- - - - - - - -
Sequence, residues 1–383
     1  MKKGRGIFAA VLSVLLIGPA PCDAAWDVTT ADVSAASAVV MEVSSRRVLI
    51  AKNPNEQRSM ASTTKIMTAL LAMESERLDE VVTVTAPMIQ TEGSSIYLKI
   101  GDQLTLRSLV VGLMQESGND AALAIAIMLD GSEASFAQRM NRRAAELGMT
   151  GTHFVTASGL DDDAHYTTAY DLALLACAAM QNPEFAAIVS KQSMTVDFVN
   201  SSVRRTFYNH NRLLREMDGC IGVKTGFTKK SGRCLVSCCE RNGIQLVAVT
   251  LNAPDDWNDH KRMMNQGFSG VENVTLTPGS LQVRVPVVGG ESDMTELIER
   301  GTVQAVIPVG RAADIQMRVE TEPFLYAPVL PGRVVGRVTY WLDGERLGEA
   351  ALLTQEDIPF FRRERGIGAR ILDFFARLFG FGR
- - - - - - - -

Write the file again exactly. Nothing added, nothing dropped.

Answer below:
Sequence, residues 1–383
     1  MKKGRGIFAA VLSVLLIGPA PCDAAWDVTT ADVSAASAVV MEVSSRRVLI
    51  AKNPNEQRSM ASTTKIMTAL LAMESERLDE VVTVTAPMIQ TEGSSIYLKI
   101  GDQLTLRSLV VGLMQESGND AALAIAIMLD GSEASFAQRM NRRAAELGMT
   151  GTHFVTASGL DDDAHYTTAY DLALLACAAM QNPEFAAIVS KQSMTVDFVN
   201  SSVRRTFYNH NRLLREMDGC IGVKTGFTKK SGRCLVSCCE RNGIQLVAVT
   251  LNAPDDWNDH KRMMNQGFSG VENVTLTPGS LQVRVPVVGG ESDMTELIER
   301  GTVQAVIPVG RAADIQMRVE TEPFLYAPVL PGRVVGRVTY WLDGERLGEA
   351  ALLTQEDIPF FRRERGIGAR ILDFFARLFG FGR